Starry's model of fixed wireless on mmWave could pose threat to cable

How many different types of fixed wireless access (FWA) are there? We thought there were two, but New Street Research has defined a third type.

When Verizon and T-Mobile jumped into the FWA business, Fierce Wireless noted that their technology, which leverages their macro networks, was different from traditional point-to-point FWA.

A main difference between traditional FWA and the FWA from the big carriers relates to the customer premises equipment. Verizon and T-Mobile use special customer premises equipment that is effectively like a mobile device to pick up the cellular signal. Whereas traditional FWA uses a directional antenna mounted on the house.

But in a note to investors yesterday, New Street Research analyst Jonathan Chaplin wrote, “We recognize two flavors of fixed wireless broadband.”

He said the “less threatening” FWA is delivered over a mobile network on spectrum below 6GHz.

“We think this poses little threat to the fixed broadband market and only modest upside to those delivering it,” wrote Chaplin. “We estimate this may capture 8% of the broadband market. The process of going from 0% to 8% will be painful for established broadband players if it happens quickly, but the long-term impact is slight. T-Mobile and Verizon fall into this category.”

Both T-Mobile and Verizon have said they can only support a limited number of FWA subscribers in a given geographic area because they don’t want to degrade their valuable mobile service.

According to Chaplin, the “more threatening” type of FWA is delivered over a purpose-built home broadband network on spectrum above 6 GHz. This is capable of delivering a fiber-like experience with unlimited capacity and speeds of 1 Gbps.

“The threat to the broadband market from this flavor of FWB is modest today, but only because it is being deployed to a relatively small portion of the country,” he said. “The threat could grow materially if addressability is expanded. Starry falls into this category.”


Boston-based Starry debuted on the New York Stock Exchange (NYSE) in late March.

Starry is disrupting the market by using IEEE 802.11-based technology and 24 GHz and 37 GHz millimeter wave spectrum to reach homes with its flavor of FWA. Starry pitches $50/month plans for "blazing fast" internet speeds.

“This is a complicated sector,” Starry CEO Chet Kanojia told Fierce recently. Starry designed and developed its technology stack entirely in house, combining its proprietary phased array antenna technology with MU-MIMO to deliver high-capacity bandwidth. According to Starry, it delivers superior propagation across the communities it serves.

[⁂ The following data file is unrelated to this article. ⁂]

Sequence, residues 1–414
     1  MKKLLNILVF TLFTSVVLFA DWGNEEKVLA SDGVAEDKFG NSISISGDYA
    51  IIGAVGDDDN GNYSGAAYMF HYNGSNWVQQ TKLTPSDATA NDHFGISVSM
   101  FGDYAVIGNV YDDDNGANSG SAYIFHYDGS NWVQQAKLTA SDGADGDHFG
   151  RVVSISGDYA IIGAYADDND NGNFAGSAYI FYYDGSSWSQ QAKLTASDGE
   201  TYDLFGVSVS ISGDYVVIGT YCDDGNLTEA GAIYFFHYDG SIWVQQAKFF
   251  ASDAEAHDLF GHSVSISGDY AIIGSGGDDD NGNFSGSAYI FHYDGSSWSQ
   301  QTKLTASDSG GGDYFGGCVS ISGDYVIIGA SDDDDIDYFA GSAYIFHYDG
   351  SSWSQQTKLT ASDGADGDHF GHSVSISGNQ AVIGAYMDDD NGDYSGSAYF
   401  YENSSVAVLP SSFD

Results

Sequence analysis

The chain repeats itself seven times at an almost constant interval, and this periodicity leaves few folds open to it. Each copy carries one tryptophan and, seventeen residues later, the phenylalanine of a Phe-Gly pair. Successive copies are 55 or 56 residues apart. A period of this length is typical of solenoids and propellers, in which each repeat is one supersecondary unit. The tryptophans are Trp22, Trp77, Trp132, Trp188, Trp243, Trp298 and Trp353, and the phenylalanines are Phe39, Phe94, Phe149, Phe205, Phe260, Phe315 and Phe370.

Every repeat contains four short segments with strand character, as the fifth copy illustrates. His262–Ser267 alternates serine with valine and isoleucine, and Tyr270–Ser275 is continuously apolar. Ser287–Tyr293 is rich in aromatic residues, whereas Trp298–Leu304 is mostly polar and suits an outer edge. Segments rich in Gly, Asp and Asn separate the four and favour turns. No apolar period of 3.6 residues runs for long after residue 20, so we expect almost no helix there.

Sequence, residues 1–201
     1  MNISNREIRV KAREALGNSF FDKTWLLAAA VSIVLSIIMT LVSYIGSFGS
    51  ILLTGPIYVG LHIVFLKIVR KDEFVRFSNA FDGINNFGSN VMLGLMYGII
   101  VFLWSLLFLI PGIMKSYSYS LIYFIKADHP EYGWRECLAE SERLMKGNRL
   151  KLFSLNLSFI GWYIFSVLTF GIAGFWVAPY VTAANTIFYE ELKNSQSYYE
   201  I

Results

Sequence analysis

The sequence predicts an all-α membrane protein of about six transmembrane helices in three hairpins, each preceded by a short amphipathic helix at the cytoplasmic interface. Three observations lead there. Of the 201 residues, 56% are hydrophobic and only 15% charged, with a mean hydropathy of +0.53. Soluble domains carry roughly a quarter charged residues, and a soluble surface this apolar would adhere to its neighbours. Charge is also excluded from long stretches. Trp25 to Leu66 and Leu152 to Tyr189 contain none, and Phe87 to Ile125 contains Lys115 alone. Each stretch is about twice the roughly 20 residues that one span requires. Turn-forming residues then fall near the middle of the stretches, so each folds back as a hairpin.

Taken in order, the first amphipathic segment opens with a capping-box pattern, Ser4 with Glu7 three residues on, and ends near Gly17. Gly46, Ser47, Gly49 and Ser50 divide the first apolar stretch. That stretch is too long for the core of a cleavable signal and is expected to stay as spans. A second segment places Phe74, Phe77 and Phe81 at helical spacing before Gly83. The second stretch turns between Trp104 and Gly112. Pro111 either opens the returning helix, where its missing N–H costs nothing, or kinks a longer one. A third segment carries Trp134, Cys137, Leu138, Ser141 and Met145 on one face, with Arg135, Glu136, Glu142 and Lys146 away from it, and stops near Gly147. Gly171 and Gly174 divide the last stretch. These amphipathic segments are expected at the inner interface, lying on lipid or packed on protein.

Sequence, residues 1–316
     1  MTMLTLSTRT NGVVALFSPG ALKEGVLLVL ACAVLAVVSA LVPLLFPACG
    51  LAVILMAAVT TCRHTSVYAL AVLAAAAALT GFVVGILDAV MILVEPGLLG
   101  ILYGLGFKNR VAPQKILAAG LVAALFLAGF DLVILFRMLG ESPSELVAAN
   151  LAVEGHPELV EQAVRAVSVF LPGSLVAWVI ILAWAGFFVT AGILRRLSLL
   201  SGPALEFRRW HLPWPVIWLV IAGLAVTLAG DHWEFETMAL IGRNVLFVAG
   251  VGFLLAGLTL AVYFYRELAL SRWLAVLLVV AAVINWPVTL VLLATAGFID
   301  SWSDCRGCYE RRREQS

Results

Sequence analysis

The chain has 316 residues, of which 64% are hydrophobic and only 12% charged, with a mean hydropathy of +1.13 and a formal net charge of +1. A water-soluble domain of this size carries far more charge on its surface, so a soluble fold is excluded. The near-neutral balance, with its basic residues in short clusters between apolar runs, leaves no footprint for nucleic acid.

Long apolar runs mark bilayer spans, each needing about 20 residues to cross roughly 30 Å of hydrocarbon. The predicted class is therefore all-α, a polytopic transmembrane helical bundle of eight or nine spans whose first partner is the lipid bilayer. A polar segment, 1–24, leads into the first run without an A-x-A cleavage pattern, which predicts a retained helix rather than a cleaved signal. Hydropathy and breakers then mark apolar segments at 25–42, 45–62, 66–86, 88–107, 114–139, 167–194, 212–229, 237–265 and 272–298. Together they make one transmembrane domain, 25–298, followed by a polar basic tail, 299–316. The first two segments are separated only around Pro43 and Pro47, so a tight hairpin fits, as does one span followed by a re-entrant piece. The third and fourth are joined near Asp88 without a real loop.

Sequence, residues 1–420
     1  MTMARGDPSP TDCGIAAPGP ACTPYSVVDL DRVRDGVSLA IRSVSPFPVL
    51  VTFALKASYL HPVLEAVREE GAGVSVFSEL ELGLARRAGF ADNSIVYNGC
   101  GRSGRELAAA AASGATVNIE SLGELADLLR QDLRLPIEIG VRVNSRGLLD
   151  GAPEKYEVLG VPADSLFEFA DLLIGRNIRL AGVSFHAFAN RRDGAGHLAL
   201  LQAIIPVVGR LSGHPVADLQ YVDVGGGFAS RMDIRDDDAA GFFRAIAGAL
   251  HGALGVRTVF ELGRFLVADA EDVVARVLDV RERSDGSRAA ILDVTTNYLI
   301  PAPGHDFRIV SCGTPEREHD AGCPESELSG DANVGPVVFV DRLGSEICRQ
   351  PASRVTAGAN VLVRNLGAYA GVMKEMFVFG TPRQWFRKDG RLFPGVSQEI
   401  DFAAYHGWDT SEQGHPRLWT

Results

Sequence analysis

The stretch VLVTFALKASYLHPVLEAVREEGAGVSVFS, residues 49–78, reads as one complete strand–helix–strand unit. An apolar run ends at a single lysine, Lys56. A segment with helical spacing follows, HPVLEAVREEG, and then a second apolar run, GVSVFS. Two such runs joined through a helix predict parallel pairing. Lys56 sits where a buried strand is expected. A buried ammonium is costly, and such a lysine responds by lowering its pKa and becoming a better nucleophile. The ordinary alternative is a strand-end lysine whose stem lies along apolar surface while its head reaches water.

New Street’s Chaplin said, “The Starry model is a greater threat because, by leveraging millimeter wave spectrum, it circumvents both the supply and demand constraints faced by less-threatening fixed wireless broadband.”

On the supply side, there is an order of magnitude more spectrum available in millimeter wave frequencies, and limited propagation makes frequency reuse much easier. In addition, this spectrum isn’t being shared with more valuable mobile uses cases, for the most part, said Chaplin.

And on the demand side, operators can deliver a fiber-like experience over millimeter wave spectrum, posing a threat to incumbent fixed broadband providers.

Speaking at a recent New Street event focused on fiber, Kanojia said Starry doesn’t see itself winning in rural areas where the government and other operators are focused. Rather, Starry is focused on dense urban areas.

Chaplin said Starry, itself, is not a big threat to incumbents because its subscriber goals over the next five years are modest. The company is only targeting 19 million homes during that time frame, hoping to capture 1.4 million subscribers.

However, if Starry’s model is adopted by one of the national carriers and deployed more widely, it could become a viable competitor to the cable companies. “The three national carriers all have 1 GHz or more of millimeter wave spectrum on average nationally. The only thing that holds them back is the willingness to invest in the fiber required to get base stations close enough to end user locations for millimeter wave to work its magic,” said Chaplin.